I have always been intrigued by bonsai trees but the last couple of years I was blown away by how beautiful a wisteria tree can be as a bonsai. I’ve always loved wisteria trees but have heard they are vigorous climbers and need a lot of space to grow out. Since I have a lot of other things growing in my backyard, I didn’t want to worry about an unmanageable wisteria, turning it into a bonsai tree seemed the perfect solution.
I bought the wisteria about a year and a half ago. I let it get used to the environment for about a year. This winter I trimmed its roots and planted it in the bonsai pot below.
I wasn’t sure if it would make it because it was dormant when I trimmed it down. The last few months it started sprouting healthy green leaves. The wisteria below is called the Blue Moon wisteria and this is what it looks like now. One annoying thing about wisteria is that it takes at least 5-7 years before it flowers!
Below is another wisteria I am growing, it is the Japanese wisteria. I transferred it to this bonsai pot while it was dormant a few months ago. It has not broken out of dormancy yet. I hope I will have much success with this one too.
Another pretty tree I want to put in a bonsai pot is this bougainvillea. The colors in this tree are wonderful, all my favorites!
I left the bougainvillea out in the sun after I stressed it out by trimming and transplanting. I shouldn’t have done that even with a tough, drought tolerant wonder like this bougainvillea. I should have left it in the shade for a few days to de-stress, give it plenty of water, and then bring it out in the sun after it acclimated itself. Below is what it looked like after being left out in the sun.
That was pretty sad to see. I’ve never seen a droopy bougainvillea before! I gave it water and put it in partial shade and it recovered.
I am also trying my hands at weeping willow trees and azaleas too. I may have some pictures to show for next post.
As always, below are a collection of new flowers in my garden.
These Champagne ranunculus are so lovely. Everyday there are different shades of salmon and light/dark pinks. My all time favorite! I love these. They look like perfect roses.
Around this time of the year many succulents are blooming or growing babies. I found a few of these adorable Echeverias at my local Walmart Garden Center. They have tags on these pots but I’m not sure I can trust Walmart’s labeling. Anyone interested in the actual names written on the pots let me know and I will find out for you.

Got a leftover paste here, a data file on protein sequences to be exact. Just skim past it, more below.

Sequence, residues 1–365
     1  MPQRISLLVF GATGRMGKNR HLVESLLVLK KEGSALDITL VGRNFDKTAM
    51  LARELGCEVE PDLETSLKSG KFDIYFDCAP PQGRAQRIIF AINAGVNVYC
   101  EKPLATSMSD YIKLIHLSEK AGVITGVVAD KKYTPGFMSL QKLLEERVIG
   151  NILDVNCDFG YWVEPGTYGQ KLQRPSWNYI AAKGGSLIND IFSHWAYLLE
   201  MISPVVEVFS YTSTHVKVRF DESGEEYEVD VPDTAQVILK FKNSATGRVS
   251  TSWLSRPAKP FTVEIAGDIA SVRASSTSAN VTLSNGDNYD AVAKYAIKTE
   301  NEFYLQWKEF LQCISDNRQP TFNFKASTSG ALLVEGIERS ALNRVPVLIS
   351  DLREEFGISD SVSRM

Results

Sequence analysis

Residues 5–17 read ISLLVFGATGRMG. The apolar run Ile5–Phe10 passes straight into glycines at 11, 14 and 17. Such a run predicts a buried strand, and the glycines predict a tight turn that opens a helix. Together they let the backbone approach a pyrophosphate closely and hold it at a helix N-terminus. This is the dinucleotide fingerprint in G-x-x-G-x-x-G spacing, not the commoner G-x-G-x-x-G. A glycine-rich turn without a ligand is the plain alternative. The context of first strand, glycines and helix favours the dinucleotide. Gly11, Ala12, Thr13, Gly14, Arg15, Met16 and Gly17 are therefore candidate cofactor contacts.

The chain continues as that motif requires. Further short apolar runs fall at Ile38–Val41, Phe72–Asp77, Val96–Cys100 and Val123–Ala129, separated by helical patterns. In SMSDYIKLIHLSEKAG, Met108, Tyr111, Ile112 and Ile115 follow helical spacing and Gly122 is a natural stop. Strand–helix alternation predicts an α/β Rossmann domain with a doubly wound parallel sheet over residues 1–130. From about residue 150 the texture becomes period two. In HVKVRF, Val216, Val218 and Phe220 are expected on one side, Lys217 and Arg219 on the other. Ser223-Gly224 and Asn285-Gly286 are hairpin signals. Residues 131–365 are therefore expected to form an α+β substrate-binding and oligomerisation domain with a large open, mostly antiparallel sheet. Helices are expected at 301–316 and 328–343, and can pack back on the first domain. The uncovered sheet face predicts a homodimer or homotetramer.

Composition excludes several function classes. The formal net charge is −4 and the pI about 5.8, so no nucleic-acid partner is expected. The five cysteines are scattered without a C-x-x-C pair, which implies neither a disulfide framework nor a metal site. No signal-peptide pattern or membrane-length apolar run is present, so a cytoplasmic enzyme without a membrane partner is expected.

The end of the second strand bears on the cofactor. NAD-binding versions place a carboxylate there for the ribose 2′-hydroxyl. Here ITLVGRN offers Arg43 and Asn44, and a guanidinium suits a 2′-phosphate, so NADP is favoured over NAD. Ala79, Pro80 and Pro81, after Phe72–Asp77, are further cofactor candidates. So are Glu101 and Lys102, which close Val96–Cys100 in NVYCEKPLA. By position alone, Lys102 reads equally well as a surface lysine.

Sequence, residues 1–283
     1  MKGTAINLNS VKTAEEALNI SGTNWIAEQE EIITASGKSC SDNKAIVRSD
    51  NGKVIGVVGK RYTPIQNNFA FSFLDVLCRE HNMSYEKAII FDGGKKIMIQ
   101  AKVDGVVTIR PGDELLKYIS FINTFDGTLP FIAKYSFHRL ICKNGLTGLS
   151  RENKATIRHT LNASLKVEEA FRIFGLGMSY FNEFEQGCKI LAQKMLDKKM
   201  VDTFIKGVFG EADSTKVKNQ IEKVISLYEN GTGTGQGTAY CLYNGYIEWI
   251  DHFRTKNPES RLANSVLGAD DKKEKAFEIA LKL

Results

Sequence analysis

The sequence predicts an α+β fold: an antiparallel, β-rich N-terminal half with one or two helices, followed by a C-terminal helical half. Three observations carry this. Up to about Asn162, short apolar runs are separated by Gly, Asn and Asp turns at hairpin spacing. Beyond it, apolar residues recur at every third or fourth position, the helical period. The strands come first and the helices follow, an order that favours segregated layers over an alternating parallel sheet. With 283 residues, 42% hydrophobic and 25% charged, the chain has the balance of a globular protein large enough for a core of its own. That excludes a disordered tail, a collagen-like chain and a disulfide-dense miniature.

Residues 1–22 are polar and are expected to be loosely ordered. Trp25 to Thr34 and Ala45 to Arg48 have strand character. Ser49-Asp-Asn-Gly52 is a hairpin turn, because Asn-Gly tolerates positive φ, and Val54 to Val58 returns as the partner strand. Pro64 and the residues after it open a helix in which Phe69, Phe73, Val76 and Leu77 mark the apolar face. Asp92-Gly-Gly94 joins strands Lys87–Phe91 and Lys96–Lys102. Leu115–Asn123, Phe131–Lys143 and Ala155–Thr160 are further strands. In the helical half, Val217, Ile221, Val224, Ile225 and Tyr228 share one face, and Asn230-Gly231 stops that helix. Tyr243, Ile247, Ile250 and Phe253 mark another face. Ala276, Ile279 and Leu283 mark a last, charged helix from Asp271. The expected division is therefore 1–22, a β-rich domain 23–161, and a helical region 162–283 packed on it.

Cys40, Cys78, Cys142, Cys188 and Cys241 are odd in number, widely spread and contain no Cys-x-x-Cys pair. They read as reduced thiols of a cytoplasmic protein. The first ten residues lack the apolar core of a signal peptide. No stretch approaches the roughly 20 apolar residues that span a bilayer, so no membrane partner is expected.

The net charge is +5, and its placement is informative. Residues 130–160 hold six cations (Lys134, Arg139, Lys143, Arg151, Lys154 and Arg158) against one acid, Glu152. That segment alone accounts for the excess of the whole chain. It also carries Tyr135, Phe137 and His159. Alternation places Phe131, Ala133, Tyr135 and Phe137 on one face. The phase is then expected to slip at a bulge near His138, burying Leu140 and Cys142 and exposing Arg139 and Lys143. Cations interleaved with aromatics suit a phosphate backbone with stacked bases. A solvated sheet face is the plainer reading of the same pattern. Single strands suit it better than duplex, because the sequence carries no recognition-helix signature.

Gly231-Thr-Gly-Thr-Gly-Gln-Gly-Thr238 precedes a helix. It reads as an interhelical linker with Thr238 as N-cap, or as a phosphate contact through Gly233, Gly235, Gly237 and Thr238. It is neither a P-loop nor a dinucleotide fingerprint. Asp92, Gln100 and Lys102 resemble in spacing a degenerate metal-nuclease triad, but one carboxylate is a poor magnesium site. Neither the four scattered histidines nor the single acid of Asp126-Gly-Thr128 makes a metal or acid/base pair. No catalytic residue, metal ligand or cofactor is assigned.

I’m not an expert on these plants but it appears winter is their time to flower and shine as you can see here. This one below is so adorable and its flowers are in my favorite yellows and pinks. Echeverias tend to shoot out 8-12 inches tall flowering shoots like this. The flowers last about a week or more. They don’t require much water in winter but definitely more in the hot summers, maybe once a week in extreme Southern California heat. They like morning sun and afternoon shade. Too much sun especially in the summer will scorch their leaves.
This one below is also very beautiful. I love these shades of pinks and yellows. I especially like that the plant has these colorful petals. My camera skill is not so great in capturing flowers up close, as you can see the flowers looked a little blurry.
Another Echeveria below with light blue green leaves.
The pink succulent below is an aurora borealis kalanchoe. It is so pretty with green, pink, and cream leaves. In late fall and winter it shoots out 7 inches long stem of pink flowers. Super adorable! These flowers are bell-shaped.
I cannot remember the name of this orange succulent below. I’ve had this for a while but this is the first time I’ve seen it bloom white flowers.
The awesome pink plant below is a “cobweb” Hens and Chicks succulent. It sprouted these adorable pink flower stems and I believe these last almost a month. It has white cobwebs on top of the plant as you can see. Very unique!
As usual, I’d like to end it with other highlight blooms from this week. Here are some amazing blooms from my Red Baron and Babcock peach trees. The Red Baron will eventually have reddish leaves in the fall and that is one of the main reasons I purchased this tree last year. This tree is the closest thing to a red maple which is what I wanted originally. After seeing these beautiful reddish pink blooms, I think I made the right choice in choosing this tree because those flowers will turn into peaches!
The Babcock peach tree’s blossoms look like cherry blossoms from far away. They are so pretty and delicate. The inside of that flower looks like a butterfly landed right in the center.
My bearded irises are blooming like crazy too and it is about three times more abundant than last year. I also inherited a purple iris from my father-in-law who passed away a couple of weeks ago. It bloomed the day after I brought it home from his house.